Fri. Jan 17, 2003
Copyright Petrified – It’s been all over (and be sure to read Lessig’s thoughts on “the silent 5”), but pb at Onfocus.com sums it up well: “This is a sad day for our collective culture and creativity. The Eldred challenge to the latest copyright extension was unsuccessful. I don’t believe the framers of our constitution felt a ’limited time’ for copyright means 75 years after the death of the creator or 95 years for corporations.”
The Constitution (Section 8, Clause 8) gives Congress the power “To promote the Progress of Science and useful Arts, by securing for limited Times to Authors and Inventors the exclusive Right to their respective Writings and Discoveries.”
For a limited time, to promote progress. Then, it goes into the public domain, from which new creative work arises. Dan Gillmor gives us the Prime Example: “Walt Disney understood the value of the public domain, and used it precisely as other great artists had done. He updated an out-of-copyright character to create Mickey Mouse, for example, and launched an empire. The company he founded later used French writer Victor Hugo’s work, which was also no longer owned by anyone, to create a cartoon based on the Hunchback of Notre Dame saga. The Disney animators had every right to build new works on old ones—and the public also got the benefit. Try the same thing with Mickey Mouse and you’ll be hauled into court faster than you can say ’Goofy.’ ”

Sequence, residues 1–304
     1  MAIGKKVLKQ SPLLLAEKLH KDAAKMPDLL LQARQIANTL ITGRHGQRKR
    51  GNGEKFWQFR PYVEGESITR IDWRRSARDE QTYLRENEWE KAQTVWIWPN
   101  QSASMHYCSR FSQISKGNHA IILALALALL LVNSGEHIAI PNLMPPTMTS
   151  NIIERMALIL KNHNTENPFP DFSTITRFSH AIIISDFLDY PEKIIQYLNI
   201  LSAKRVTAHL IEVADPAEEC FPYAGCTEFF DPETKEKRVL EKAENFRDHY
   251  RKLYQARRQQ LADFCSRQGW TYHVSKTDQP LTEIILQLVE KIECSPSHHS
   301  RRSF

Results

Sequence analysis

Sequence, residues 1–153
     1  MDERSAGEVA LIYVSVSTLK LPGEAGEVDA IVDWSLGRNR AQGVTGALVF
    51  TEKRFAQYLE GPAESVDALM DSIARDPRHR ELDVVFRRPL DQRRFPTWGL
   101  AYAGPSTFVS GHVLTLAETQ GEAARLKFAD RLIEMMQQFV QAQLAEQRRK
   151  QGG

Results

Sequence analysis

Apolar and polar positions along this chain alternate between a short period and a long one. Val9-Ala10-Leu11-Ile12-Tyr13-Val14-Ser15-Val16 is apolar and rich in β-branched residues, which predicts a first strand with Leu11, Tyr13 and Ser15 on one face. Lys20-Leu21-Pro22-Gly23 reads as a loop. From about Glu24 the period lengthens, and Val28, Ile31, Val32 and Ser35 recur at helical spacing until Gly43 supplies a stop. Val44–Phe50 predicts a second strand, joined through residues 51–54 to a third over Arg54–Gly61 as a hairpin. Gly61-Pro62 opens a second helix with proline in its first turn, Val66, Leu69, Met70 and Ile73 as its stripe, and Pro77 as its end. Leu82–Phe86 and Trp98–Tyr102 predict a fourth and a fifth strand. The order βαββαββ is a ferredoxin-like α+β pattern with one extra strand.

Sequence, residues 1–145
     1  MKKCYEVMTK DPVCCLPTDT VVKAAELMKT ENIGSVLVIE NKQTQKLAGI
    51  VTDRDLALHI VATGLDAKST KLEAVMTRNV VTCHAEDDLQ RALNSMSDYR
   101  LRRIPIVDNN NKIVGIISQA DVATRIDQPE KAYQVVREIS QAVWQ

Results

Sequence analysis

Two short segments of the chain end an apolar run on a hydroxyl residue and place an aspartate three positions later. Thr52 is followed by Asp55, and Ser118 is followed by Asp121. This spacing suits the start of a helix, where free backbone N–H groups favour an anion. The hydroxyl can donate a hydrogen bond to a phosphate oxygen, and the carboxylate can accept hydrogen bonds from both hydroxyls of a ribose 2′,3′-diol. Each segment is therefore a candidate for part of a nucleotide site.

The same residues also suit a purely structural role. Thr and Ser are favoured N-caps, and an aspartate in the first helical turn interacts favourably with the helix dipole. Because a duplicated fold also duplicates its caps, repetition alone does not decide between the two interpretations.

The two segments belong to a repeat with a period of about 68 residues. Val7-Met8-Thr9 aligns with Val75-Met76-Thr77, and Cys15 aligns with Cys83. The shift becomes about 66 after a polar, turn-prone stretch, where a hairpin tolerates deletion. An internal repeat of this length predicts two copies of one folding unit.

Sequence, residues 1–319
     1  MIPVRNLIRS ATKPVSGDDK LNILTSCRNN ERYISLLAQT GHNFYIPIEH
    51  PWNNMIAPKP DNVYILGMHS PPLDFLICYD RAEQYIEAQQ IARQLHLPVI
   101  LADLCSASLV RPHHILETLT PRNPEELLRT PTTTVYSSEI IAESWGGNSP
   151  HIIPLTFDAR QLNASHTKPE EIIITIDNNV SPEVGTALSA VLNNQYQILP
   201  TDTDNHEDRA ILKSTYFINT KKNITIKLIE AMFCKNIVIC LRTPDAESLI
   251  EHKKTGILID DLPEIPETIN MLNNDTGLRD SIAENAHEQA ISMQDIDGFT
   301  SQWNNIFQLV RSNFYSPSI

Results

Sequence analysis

In his new digs over at MSNBC, Glenn Reynolds asks, “how can nearly a century of copyright protection be considered a ’limited time,’ — especially when Congress keeps extending it? And how can rewarding people who have been dead for decades produce more creativity?”
So, this has gone to the Supreme Court and been shot down, so it’s all over, right? Nope. “’Litigation is not the path anymore,’ acknowledged Joe Kraus, co-founder of DigitalConsumer.org, a consumer rights group that focuses on digital copyright issues. ’The pressure needs to now turn toward our elected officials in Congress…. The domain just got taken off the table. Now all we have is fair use.’ ”
So if you’ll excuse me, I’m going to go take a photograph that, if I fill out the average life expectancy of an American male, will be copyrighted until the year 2110, many decades after everyone reading this is dead and gone. Assuming Congress doesn’t extend the terms of copyright for a seventh time.